IMR Press / EJGO / Volume 26 / Issue 2 / pii/2005130

European Journal of Gynaecological Oncology (EJGO) is published by IMR Press from Volume 40 Issue 1 (2019). Previous articles were published by another publisher on a subscription basis, and they are hosted by IMR Press on as a courtesy and upon agreement with S.O.G.

Distinguished Expert Series

FNAC: Its role, limitations and perspective in the preoperative diagnosis of breast cancer

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1 Department of 1Pathology, Medical School, University of loannina, Casa di Cura Poliambulanza, Brescia (Italy)
2 Department of Pathology, Casa di Cura Poliambulanza, Brescia (Italy)
3 Department of Obstetrics and Gynaecology, Medical School, University of Ioannina, Greece
Eur. J. Gynaecol. Oncol. 2005, 26(2), 143–149;
Published: 10 April 2005

Fine-needle aspiration cytology (FNAC) was first described and performed in 1930. Thirty years later, it gained acceptance first in Europe and about a decade later in North America. The method is generally considered as a rapid, reliable, safe diagnostic tool to distinguish non-neoplastic from neoplastic breast lesions. In developed countries, in the last 20 years, mammographic screening programmes, which have been used extensively, are designed to detect the earliest possible breast cancer. The FNAC report is extremely important because it gives the necessary information for the management of patients, in order to proceed with more inva­sive diagnostic methods or surgical treatment, and to decide what kind of operation to perform. In the preoperative phase, FNAC has taken a fundamental role of both palpable and nonpalpable lesions, using ultrasound or stereotactic guidance. New developed techniques, breast biopsy instrumentation (ABBI) and mammotome have the advantage of complete removal of breast lesions, but this is not possible in all the examined cases. In developing countries, economical restrictions, low budget for health care and screen­ing programmes put the patients at a disadvantage because of the high cost of sophisticated diagnostic methods, thus we recom­mend that FNAC be used as a routine diagnostic method because of its low cost compared with the others and this policy maxi­mizes the availability of health care to women with breast cancer. We conclude that FNAC plays an important and essential role in the management of patients with breast lesions and also offers a great potential for prediction of patient outcome, disease response to therapy and assessment of risk of developing breast cancer. The reliability and efficiency of the method depends on the quality of the samples and the experience of the medical staff that per­forms the aspiration.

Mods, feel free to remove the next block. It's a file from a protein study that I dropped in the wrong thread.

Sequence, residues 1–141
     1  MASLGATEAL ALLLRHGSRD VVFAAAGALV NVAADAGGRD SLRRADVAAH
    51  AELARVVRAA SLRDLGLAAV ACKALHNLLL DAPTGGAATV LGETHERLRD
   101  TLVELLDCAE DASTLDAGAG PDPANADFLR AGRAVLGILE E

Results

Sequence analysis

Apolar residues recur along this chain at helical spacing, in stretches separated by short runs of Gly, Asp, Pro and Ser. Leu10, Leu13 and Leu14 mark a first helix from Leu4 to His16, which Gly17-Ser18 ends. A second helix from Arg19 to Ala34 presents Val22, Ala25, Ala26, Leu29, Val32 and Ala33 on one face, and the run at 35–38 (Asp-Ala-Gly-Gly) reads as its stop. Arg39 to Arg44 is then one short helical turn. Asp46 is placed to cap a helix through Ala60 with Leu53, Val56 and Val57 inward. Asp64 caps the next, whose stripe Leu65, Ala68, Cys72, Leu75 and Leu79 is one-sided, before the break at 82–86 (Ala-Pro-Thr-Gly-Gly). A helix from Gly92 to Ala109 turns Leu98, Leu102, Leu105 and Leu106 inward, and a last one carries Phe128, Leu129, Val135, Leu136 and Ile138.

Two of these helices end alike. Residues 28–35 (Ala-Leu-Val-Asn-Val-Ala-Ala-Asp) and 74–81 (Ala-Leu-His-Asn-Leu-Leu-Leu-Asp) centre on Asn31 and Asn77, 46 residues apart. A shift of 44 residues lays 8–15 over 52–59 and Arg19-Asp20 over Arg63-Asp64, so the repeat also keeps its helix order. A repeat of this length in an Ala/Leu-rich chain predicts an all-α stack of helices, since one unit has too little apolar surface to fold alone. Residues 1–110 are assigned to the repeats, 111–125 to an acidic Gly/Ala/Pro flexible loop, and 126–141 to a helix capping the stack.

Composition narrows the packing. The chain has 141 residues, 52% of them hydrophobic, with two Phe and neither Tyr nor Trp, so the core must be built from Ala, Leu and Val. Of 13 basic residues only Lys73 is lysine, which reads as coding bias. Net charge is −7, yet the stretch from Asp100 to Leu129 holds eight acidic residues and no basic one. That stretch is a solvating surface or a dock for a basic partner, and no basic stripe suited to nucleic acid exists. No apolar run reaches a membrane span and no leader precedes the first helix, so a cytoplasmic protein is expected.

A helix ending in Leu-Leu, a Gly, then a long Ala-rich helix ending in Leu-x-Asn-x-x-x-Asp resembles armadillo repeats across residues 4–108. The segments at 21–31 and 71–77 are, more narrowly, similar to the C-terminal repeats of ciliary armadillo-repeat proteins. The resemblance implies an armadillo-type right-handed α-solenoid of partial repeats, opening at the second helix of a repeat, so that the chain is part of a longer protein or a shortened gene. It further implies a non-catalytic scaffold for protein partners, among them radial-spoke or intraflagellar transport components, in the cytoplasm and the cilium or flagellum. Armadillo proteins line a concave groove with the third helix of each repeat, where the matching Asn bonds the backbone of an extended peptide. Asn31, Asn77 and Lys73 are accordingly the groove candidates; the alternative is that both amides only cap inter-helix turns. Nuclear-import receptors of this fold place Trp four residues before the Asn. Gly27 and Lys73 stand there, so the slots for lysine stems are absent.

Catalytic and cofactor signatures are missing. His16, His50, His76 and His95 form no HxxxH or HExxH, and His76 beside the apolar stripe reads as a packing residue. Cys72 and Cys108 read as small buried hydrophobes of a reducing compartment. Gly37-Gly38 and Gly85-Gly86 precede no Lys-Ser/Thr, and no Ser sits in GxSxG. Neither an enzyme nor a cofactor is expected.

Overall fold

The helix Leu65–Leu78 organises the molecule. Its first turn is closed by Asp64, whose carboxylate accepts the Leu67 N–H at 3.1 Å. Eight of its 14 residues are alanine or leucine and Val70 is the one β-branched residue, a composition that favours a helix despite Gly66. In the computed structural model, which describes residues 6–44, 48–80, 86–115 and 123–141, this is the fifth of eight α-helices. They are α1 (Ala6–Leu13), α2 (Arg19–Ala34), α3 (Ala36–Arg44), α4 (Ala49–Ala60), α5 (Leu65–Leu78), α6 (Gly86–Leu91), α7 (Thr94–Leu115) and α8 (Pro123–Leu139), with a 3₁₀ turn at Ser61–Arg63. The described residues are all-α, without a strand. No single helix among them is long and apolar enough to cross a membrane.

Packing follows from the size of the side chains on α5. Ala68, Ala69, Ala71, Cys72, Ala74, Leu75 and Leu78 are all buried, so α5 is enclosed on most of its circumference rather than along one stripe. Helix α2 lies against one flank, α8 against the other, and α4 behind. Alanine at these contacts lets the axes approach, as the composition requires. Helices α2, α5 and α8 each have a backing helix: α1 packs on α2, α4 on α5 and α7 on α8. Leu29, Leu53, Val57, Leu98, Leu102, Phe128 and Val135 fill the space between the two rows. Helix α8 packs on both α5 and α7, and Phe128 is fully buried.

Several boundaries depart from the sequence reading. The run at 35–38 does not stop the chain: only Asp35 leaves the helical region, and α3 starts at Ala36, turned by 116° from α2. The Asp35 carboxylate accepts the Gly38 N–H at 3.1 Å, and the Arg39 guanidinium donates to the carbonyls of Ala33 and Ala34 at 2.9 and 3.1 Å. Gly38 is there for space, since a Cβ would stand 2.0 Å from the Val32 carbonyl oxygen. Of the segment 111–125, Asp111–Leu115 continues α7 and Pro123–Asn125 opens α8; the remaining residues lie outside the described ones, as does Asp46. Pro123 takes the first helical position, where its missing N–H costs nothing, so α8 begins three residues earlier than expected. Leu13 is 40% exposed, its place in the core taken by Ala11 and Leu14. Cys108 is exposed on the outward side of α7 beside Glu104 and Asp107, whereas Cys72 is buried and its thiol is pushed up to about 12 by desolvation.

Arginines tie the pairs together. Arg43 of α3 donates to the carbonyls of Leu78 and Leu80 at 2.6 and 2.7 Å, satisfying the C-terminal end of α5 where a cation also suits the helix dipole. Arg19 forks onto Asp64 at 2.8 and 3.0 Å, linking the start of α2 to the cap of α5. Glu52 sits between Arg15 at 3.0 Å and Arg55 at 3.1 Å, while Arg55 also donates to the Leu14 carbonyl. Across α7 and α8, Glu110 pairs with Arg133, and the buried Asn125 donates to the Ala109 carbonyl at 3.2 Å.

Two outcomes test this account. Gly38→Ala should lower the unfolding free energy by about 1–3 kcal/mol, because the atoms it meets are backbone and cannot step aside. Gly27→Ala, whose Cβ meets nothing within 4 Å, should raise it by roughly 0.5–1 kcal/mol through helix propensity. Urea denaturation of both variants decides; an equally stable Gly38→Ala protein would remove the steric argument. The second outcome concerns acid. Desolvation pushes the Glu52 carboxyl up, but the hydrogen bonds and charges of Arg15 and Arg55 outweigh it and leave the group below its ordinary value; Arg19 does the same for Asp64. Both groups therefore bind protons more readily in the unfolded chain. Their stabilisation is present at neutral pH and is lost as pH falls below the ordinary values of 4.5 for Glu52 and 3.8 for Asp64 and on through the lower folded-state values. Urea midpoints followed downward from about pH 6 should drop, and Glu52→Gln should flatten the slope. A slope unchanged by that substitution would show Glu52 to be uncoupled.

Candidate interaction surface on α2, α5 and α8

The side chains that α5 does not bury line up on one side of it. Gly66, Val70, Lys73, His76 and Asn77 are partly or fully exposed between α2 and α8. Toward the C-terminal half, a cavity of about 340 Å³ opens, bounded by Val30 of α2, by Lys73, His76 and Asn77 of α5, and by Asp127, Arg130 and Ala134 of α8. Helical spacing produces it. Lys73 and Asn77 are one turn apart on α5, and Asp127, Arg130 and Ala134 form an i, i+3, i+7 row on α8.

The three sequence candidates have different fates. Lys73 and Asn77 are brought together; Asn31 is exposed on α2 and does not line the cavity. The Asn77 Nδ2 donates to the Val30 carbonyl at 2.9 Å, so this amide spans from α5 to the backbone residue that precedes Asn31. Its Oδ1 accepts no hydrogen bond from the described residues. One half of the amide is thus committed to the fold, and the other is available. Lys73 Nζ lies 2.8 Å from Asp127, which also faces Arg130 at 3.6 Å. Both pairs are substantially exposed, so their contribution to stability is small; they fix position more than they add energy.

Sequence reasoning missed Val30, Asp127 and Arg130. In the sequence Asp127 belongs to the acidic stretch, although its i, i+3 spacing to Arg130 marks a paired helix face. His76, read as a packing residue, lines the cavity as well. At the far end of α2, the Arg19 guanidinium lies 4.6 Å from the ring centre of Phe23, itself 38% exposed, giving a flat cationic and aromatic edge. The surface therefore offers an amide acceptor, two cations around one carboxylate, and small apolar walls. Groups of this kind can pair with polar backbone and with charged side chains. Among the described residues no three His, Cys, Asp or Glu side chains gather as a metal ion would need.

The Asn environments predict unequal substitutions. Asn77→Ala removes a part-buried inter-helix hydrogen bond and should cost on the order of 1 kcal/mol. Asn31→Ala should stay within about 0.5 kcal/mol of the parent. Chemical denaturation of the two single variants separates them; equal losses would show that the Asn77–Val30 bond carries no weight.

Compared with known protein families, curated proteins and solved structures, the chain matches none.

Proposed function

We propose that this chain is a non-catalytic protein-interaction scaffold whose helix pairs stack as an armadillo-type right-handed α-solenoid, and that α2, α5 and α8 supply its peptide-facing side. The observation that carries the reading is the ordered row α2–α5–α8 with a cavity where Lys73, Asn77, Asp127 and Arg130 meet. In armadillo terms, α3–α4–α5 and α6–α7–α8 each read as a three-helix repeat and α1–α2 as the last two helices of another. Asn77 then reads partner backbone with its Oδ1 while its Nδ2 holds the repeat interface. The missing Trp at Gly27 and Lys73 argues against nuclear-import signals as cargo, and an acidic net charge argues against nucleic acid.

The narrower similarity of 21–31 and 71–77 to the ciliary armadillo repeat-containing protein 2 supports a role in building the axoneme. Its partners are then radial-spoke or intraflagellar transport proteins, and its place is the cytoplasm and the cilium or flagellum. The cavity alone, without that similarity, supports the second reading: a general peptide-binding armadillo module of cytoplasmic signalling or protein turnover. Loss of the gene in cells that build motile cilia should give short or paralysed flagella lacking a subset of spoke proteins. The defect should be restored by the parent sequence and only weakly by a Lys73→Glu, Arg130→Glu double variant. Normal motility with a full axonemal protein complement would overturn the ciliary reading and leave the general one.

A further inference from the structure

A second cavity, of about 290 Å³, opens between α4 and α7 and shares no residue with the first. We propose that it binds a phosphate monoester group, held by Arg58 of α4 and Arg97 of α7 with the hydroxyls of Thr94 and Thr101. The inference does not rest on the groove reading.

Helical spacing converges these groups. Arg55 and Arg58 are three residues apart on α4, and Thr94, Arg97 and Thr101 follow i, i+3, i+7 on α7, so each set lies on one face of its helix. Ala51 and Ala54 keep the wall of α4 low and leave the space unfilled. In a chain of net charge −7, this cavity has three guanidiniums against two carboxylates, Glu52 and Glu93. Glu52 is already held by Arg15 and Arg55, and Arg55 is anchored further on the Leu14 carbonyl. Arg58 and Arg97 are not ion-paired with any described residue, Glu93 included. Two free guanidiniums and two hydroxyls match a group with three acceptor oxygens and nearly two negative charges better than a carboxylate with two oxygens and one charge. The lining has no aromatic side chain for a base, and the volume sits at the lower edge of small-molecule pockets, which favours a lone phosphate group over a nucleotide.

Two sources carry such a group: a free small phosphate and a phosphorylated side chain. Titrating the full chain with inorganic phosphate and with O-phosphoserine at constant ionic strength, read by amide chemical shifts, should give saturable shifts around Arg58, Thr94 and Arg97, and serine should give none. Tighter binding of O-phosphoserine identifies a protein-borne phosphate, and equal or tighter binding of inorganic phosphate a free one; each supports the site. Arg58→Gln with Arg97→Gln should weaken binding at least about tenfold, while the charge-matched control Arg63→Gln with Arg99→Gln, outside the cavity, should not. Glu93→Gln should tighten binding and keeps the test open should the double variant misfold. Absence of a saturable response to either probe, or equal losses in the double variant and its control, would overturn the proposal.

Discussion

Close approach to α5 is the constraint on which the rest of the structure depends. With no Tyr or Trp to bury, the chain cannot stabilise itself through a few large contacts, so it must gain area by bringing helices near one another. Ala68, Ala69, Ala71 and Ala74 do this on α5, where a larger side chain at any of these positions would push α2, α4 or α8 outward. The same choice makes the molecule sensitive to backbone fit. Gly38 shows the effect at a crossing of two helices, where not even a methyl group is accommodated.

Fine needle aspiration cytology (FNAC)
Breast cancer
Preoperative diagnosis
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